SQL SERVER – Script Level Upgrade for Database ‘master’ Failed – The Server Principal Owns One or More Availability Group(s) and Cannot be Dropped

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I have helped many clients in upgrade failures via my On-Demand consulting and I am amazed to see various ways that can break SQL Server upgrade. In this blog we would learn about fixing error Script level upgrade for database ‘master’ failed because of upgrade step ‘msdb110_upgrade.sql’.

SQL SERVER - Script Level Upgrade for Database 'master' Failed - The Server Principal Owns One or More Availability Group(s) and Cannot be Dropped failed-800x245

Below are few earlier blogs which have other causes of the same error:

This time it was a new error, so I am blogging it. As usual, I asked for ERRORLOG and was looking for the cause of failure.

Error: 15141, Severity: 16, State: 1.
The server principal owns one or more availability group(s) and cannot be dropped.
Error: 912, Severity: 21, State: 2.
Script level upgrade for database ‘master’ failed because upgrade step ‘msdb110_upgrade.sql’ encountered error 15141, state 1, severity 16. This is a serious error condition which might interfere with regular operation and the database will be taken offline. If the error happened during upgrade of the ‘master’ database, it will prevent the entire SQL Server instance from starting. Examine the previous errorlog entries for errors, take the appropriate corrective actions and re-start the database so that the script upgrade steps run to completion.
Error: 3417, Severity: 21, State: 3.
Cannot recover the master database. SQL Server is unable to run. Restore master from a full backup, repair it, or rebuild it. For more information about how to rebuild the master database, see SQL Server Books Online.

The real cause of upgrade script failure is “The server principal owns one or more availability group(s) and cannot be dropped.”

WORKAROUND/SOLUTION – Level Upgrade

Whenever we have such an upgrade script failure issue and SQL is not getting started, we need to use trace flag 902 to start SQL which would bypass script upgrade mode. This would allow us the find the cause and fix it. So, here are the steps I have done.

As I mentioned earlier, first we started SQL with trace flag 902. I started SQL using trace flag 902 as below via command prompt.

NET START MSSQLSERVER /T902

For named instance, we need to use below (replace instance name based on your environment)

NET START MSSQL$INSTANCENAME /T902

Refer: SQL SERVER – 2005 – Start Stop Restart SQL Server from Command Prompt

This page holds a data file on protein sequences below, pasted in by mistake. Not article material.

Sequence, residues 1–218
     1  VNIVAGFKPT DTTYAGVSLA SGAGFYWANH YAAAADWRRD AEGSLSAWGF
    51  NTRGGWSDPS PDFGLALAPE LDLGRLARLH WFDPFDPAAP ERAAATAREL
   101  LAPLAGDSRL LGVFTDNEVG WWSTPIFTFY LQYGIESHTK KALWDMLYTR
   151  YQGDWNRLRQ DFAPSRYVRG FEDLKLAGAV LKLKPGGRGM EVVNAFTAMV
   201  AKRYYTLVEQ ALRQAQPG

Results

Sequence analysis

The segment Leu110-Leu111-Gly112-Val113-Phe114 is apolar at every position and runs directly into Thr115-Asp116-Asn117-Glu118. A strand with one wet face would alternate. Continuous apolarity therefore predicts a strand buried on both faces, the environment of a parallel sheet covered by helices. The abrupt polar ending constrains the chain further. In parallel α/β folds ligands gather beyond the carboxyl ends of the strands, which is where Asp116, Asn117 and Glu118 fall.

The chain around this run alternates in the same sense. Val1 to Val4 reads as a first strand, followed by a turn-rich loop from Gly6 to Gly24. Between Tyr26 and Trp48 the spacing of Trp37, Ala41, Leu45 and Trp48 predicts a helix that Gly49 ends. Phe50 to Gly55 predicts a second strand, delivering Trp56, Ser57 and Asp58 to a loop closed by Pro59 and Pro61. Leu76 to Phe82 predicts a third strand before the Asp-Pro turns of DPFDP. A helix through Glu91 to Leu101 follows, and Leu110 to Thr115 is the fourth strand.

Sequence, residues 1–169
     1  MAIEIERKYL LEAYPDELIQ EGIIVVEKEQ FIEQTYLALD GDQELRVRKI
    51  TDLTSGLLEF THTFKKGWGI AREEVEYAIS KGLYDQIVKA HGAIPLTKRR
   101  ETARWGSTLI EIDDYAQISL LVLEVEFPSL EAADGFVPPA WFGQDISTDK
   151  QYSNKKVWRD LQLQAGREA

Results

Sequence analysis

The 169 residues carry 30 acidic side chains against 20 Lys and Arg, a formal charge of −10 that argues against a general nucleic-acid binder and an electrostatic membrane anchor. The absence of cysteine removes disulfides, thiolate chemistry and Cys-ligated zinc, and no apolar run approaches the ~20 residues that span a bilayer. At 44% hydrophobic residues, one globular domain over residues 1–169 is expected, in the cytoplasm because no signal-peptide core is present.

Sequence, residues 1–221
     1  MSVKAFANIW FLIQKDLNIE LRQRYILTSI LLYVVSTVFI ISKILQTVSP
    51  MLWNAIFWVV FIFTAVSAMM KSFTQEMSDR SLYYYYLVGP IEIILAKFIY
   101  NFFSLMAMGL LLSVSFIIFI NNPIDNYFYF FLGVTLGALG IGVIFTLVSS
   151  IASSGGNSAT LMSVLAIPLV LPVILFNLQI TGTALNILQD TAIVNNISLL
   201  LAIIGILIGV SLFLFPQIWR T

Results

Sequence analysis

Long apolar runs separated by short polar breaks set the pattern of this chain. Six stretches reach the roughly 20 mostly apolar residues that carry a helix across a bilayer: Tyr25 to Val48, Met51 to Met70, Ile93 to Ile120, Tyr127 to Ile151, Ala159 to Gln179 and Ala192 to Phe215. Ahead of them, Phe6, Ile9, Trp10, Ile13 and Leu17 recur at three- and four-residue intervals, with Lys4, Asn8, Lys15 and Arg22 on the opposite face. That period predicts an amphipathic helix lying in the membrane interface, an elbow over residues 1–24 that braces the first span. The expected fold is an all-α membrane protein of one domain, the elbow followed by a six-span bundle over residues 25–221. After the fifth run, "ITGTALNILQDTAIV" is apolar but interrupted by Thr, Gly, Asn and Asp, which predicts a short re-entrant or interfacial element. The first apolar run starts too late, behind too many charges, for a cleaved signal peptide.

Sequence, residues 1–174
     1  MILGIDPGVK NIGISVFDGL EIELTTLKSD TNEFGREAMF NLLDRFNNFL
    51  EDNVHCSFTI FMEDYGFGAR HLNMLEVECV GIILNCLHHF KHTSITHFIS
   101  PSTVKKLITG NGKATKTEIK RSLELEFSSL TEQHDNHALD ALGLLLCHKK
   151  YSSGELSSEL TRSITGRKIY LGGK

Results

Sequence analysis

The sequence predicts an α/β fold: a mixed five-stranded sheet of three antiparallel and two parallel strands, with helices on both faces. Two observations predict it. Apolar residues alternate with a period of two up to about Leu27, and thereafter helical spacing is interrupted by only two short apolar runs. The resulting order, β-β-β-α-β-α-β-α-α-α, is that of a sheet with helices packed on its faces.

As soon as SQL was started, we were able to connect because the upgrade didn’t run. We located “msdb110_upgrade.sql“ file under “C:\Program Files\Microsoft SQL Server\MSSQL14.SQL2017\MSSQL\Install” folder and executed it in SSMS. We got the exact same error.

Error: 15141, Severity: 16, State: 1.
The server principal owns one or more availability group(s) and cannot be dropped.

This was due to the drop login command in the script. The following statement was the cause of the failure.

IF EXISTS (SELECT * from sys.server_principals WHERE name = '##MS_PolicyEventProcessingLogin##')
BEGIN
    IF EXISTS (SELECT * from sys.server_triggers WHERE name = N'syspolicy_server_trigger')
        DROP TRIGGER [syspolicy_server_trigger] ON ALL SERVER
    DROP LOGIN [##MS_PolicyEventProcessingLogin##]
END
GO

We used the below script to figure out which AG is owned by the above account.

SELECT agrp.[name] AS availability_groups_name
	,agrp.group_id
	,arep.replica_id
	,arep.owner_sid
	,sp.[name] AS owner_name
FROM sys.availability_groups agrp
JOIN sys.availability_replicas arep ON agrp.group_id = arep.group_id
JOIN sys.server_principals sp ON arep.owner_sid = sp.[sid]

To change the ownership below is the command (you need to change the group name).

USE [master]
GO
ALTER AUTHORIZATION ON AVAILABILITY GROUP::SQLAG TO sa;
GO

After this, we stopped SQL Service and started normally (without trace flag). It worked well and the SQL version of updated. I am wondering why someone would change the ownership of AG to ##MS_PolicyEventProcessingLogin## account. If you know the reason, please share it via comments.

You can add me on Linkedin here.

Reference: Pinal Dave (https://blog.sqlauthority.com)

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